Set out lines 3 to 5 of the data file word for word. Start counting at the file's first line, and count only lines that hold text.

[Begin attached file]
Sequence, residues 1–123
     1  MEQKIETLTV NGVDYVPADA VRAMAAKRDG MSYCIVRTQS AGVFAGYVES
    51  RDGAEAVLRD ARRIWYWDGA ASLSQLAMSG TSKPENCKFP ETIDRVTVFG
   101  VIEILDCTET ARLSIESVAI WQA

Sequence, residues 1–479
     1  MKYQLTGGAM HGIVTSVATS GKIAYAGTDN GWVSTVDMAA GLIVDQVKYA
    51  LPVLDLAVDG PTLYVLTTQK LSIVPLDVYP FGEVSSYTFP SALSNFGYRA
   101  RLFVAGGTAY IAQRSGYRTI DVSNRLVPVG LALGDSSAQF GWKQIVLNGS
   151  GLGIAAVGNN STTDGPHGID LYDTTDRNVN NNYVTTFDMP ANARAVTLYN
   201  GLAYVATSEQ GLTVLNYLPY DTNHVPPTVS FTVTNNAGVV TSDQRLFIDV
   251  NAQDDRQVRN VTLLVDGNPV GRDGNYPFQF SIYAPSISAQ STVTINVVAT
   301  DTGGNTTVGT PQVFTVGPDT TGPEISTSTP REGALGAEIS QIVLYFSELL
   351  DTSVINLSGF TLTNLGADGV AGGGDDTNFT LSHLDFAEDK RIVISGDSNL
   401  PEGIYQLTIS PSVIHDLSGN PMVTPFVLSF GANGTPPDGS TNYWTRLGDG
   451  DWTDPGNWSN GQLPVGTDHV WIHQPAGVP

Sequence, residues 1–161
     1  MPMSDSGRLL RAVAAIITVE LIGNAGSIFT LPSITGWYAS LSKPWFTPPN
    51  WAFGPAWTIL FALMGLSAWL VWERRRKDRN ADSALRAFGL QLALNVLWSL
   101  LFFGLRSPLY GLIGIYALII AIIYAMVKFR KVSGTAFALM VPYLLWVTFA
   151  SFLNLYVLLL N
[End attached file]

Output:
    51  RDGAEAVLRD ARRIWYWDGA ASLSQLAMSG TSKPENCKFP ETIDRVTVFG
   101  VIEILDCTET ARLSIESVAI WQA

Sequence, residues 1–479